That is what you get when a per­son designs a ser­vice which he is will­ing to use him­self for a price he wants to pay him­self (while still not lose money with the service).

Colin, again, I am impressed. Big thumbs up for you!

Now I just have to add some more sys­tems (/etc and sim­i­lar of var­i­ous jails… and of course the data of this blog) and pol­ish my tarsnap script for “peri­odic daily” .

P.S.: Yes there are also places to improve, I found already some things (the con­fig file parser is a lit­tle bit strict what it accepts, and some things should be more doc­u­mented) but Colin is respon­sive and open to improve­ment sug­ges­tions.

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Aug
14

Daily doxy­gen gen­er­ated docs of the FreeBSD ker­nel (head)

I man­aged to get some time to setup an auto­mated gen­er­a­tion of the doxy­gen docs for ker­nel sub­sys­tems of FreeBSD on my web­server.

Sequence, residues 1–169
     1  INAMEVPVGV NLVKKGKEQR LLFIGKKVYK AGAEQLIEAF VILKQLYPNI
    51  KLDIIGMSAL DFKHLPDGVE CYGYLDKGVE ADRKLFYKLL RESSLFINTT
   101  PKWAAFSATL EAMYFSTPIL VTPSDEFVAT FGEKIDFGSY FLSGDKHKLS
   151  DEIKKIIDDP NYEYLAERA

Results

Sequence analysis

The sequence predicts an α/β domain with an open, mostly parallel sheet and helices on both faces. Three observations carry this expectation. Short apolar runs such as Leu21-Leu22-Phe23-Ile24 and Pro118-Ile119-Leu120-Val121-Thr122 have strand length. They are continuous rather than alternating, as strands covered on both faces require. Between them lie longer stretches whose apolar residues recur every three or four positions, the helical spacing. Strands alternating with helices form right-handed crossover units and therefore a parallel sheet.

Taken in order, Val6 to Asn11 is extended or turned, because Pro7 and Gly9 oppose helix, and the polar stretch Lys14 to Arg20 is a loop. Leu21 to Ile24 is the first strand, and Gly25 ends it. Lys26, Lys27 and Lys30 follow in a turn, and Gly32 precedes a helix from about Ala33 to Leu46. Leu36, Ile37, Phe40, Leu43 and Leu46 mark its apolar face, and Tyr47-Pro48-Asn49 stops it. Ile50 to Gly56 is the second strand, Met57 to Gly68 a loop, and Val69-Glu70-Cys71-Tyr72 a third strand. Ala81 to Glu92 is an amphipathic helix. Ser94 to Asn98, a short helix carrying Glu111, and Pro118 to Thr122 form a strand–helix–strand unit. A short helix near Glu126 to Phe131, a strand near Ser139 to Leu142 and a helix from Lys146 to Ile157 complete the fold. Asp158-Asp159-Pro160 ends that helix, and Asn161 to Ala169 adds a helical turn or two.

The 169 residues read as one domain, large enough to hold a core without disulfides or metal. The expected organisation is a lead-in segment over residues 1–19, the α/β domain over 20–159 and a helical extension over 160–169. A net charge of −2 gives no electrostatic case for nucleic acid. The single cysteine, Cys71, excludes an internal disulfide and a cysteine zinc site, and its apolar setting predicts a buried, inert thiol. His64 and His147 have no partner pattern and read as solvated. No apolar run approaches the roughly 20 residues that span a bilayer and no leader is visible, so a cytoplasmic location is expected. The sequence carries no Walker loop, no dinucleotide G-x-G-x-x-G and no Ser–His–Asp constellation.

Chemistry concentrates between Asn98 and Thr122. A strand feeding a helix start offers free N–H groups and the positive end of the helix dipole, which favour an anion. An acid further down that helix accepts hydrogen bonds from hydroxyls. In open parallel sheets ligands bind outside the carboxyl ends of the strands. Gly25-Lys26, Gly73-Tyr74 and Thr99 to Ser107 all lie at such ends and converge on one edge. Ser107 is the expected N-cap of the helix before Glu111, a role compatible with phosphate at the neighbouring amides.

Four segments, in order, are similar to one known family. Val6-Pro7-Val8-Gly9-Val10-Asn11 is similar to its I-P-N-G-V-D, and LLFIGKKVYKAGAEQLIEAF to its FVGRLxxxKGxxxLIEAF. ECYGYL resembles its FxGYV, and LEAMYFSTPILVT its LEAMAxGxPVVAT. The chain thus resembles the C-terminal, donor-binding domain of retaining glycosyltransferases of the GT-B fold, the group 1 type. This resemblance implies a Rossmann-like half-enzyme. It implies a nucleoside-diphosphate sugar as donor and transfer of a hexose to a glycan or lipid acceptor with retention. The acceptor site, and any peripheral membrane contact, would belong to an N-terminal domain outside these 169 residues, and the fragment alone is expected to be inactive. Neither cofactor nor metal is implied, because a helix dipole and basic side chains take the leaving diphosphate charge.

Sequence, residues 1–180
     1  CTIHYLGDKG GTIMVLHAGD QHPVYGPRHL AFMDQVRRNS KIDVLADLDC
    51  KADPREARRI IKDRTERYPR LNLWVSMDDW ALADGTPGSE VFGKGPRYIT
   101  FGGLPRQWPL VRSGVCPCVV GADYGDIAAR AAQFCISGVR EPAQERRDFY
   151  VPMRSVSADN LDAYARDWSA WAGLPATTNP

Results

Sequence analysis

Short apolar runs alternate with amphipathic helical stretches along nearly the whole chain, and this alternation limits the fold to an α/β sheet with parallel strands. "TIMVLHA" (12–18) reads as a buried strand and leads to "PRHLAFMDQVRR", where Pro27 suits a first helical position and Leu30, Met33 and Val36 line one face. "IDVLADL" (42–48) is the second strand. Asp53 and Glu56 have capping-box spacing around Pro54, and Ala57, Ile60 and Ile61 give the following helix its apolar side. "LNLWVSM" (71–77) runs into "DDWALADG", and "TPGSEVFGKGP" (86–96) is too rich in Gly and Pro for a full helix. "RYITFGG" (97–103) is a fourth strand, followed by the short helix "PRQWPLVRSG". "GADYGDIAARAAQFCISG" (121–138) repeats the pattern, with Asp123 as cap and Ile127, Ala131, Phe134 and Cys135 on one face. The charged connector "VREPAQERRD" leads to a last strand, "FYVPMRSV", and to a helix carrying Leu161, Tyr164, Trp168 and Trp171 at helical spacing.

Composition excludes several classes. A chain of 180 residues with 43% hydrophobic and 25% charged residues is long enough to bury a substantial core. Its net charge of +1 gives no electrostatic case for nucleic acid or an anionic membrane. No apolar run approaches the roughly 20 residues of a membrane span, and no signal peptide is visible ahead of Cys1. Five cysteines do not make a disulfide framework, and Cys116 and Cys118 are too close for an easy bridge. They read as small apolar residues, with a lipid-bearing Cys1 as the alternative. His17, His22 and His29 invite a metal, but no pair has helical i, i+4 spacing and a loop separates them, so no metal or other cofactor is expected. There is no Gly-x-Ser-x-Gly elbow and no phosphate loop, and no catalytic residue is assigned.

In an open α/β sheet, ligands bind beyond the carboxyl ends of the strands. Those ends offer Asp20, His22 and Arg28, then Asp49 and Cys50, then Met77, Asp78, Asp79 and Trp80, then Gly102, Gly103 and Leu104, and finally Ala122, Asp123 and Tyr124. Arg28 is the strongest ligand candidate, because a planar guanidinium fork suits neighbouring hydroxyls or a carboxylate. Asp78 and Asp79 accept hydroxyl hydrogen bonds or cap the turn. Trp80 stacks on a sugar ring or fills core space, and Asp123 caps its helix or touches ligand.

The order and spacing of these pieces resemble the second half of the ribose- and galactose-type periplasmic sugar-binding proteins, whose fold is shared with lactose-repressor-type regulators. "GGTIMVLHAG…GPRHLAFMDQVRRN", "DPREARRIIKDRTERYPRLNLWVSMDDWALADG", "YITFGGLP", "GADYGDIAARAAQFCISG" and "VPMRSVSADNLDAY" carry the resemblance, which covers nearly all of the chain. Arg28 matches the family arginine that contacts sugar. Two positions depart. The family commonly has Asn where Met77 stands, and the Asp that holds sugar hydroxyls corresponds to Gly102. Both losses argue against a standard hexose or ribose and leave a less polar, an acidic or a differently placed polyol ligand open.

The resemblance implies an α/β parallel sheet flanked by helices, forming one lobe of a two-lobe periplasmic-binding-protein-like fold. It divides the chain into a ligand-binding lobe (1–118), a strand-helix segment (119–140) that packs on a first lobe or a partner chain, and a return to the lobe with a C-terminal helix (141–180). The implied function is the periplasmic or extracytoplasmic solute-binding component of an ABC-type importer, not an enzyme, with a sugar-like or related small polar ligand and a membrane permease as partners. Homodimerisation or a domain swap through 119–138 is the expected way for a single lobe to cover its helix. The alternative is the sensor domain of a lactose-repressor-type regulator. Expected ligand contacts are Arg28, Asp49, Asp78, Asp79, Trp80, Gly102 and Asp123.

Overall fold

Every night/morning (Ger­man time­zone) the sources will be updated, and the docs get regen­er­ated (this takes some time). Cur­rently this depends upon some patches to the make­file and doxy­gen con­fig files in tools/kerneldoc/subsys. Every­thing is gen­er­ated directly in the place where the web­server will look for to deliver the pages, so if you browse this in the mid­dle of the gen­er­a­tion, the con­tent may not be con­sis­tent (yet).

Please be nice to the web­server and do not mir­ror this. You can gen­er­ate this your­self very easy. Assum­ing you have the FreeBSD source on a local hard disk, you just need to down­load the patch from http://www.Leidinger.net/FreeBSD/current-patches/ (if you do not find dox.diff, update your FreeBSD sources and every­thing will be OK), apply the patch, cd into tools/kerneldoc/subsys and run “make all” (or “make vm” or what­ever you are inter­ested in). You need doxy­gen installed, off course.

If you want to setup some­thing like this your­self, just down­load the script which is doing all the work, change some vari­ables in the begin­ning, and cre­ate your own local ver­sion of the com­plete docs.

In case this is using sig­nif­i­cant traf­fic, I will ask core/admins if there is the pos­si­bil­ity to host it on FreeBSD.org resources.